All right then, you may ask, what do we do? The answer lies both in the individual, and in the larger healthcare system. Key contributors to both the problem and the solution include: Individual providers and medical staff, professional organizations, administrators, governmental agencies, community advocacy groups, and the patients and families themselves. For example, the professional organizations representing the majority of obstetrical providers in this country, The American College of Nurse Midwives (ACNM) and The American Congress of Obstetricians (ACOG) must continue to address this issue, educate their memberships, and provide resources and tools for change in their practice areas. Hospital administrators must support both providers and patients to give and receive safe, evidence-based care, and one of the most profound examples is the essential role of the nurse-midwife and nurse-midwifery education.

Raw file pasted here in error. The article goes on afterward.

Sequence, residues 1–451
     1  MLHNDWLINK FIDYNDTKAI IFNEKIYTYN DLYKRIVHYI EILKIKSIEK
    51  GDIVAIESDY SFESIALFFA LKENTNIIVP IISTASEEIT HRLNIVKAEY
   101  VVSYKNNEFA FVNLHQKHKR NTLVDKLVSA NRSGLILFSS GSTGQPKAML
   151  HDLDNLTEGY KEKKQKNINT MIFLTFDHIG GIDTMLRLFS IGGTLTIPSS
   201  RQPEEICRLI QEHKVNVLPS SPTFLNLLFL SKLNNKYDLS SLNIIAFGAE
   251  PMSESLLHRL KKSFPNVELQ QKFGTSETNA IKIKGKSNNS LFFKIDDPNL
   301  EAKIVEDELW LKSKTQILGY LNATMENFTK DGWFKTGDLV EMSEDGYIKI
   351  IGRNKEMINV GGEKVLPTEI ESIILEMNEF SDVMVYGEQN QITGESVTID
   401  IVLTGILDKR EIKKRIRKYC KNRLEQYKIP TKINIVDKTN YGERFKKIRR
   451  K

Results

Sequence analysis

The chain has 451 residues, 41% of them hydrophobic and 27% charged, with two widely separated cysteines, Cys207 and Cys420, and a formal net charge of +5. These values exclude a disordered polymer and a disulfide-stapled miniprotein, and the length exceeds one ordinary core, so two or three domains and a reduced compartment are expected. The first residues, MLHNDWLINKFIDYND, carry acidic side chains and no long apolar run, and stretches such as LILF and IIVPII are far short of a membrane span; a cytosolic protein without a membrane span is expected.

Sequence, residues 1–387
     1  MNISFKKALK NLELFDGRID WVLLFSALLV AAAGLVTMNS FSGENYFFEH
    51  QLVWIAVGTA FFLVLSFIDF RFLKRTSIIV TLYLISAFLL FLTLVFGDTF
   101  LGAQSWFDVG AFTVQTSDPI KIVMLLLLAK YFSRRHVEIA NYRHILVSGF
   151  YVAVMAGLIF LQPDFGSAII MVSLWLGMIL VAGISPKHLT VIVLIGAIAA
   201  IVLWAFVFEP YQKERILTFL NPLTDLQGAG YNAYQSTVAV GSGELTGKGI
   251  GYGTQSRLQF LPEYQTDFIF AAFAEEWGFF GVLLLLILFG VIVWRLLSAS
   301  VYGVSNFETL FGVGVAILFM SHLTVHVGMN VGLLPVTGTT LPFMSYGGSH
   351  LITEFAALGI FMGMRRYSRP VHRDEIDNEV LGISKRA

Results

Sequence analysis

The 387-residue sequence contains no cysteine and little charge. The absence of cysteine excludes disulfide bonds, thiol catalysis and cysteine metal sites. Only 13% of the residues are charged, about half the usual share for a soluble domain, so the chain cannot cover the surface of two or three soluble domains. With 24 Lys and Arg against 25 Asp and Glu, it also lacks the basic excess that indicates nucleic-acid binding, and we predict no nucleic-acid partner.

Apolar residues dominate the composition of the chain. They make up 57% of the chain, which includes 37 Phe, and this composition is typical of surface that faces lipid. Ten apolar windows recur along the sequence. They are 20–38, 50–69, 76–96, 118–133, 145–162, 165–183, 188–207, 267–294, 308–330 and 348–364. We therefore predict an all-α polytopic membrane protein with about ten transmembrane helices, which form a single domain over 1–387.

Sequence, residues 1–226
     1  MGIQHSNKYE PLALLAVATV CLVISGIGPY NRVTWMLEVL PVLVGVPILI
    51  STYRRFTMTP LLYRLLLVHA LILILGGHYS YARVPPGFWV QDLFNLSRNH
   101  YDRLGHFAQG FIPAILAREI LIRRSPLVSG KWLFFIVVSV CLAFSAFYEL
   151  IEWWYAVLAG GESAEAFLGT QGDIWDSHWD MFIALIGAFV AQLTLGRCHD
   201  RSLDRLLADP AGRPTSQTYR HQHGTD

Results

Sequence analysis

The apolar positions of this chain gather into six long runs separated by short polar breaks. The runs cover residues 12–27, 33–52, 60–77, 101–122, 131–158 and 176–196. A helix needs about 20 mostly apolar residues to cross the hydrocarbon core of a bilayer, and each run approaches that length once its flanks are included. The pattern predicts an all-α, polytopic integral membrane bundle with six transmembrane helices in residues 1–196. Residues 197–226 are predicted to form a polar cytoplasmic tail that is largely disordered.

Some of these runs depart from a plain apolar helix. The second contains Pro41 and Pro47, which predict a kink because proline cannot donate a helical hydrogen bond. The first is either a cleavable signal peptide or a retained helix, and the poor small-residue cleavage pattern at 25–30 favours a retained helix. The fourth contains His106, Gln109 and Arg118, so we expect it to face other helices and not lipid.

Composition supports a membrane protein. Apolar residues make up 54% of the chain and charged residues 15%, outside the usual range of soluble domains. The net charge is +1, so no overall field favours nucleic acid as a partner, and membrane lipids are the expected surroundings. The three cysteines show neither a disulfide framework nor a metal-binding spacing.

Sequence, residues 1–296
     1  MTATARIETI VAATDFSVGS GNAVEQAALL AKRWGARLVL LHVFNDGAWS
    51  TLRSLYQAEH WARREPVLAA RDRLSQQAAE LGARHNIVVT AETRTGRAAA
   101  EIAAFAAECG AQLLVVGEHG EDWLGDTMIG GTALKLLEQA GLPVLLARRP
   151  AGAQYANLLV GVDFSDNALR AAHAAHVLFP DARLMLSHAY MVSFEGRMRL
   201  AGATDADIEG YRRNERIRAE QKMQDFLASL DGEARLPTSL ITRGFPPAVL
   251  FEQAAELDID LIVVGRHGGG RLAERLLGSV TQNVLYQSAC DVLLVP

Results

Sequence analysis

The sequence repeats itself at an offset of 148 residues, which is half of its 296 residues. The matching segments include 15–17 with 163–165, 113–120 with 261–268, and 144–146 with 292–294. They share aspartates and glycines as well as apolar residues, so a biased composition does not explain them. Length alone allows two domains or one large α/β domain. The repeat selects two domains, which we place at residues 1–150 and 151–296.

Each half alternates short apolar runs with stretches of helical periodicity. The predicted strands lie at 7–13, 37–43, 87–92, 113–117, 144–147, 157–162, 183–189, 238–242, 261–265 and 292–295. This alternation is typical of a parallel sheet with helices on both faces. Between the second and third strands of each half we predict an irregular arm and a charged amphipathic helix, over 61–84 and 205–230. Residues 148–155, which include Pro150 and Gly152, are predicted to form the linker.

Nurse-midwifery education and practice is designed to offer care that inherently provides solutions to those issues associated with high caesarean section rates. Maternity care in the U.S. relies heavily on procedures, many of which are harmful, unnecessary, and not evidence-based, yet they are practiced routinely. Patients often lack the information to make informed decisions, or the power to chose when they are educated about their options (Declercq,E.R., Sakala,C., Corry,M.P., Applebaum,S., & Herrlich, A., 2013).
The basic hallmarks, core values and competencies of midwifery care identify labor and birth as normal physiologic processes and advocate for refraining from medical procedures unless medically necessary. Informed and shared decision-making with patients and families are also essential components of midwifery care (ACNM, 2012). The evidence base as well as ACOG (2016) recognize that certain supportive measures such as continuous support during labor are necessary because they reduce complications and cesarean sections. These practices that support normal physiologic birth and reduce cesarean sections and are traditionally practiced by midwives.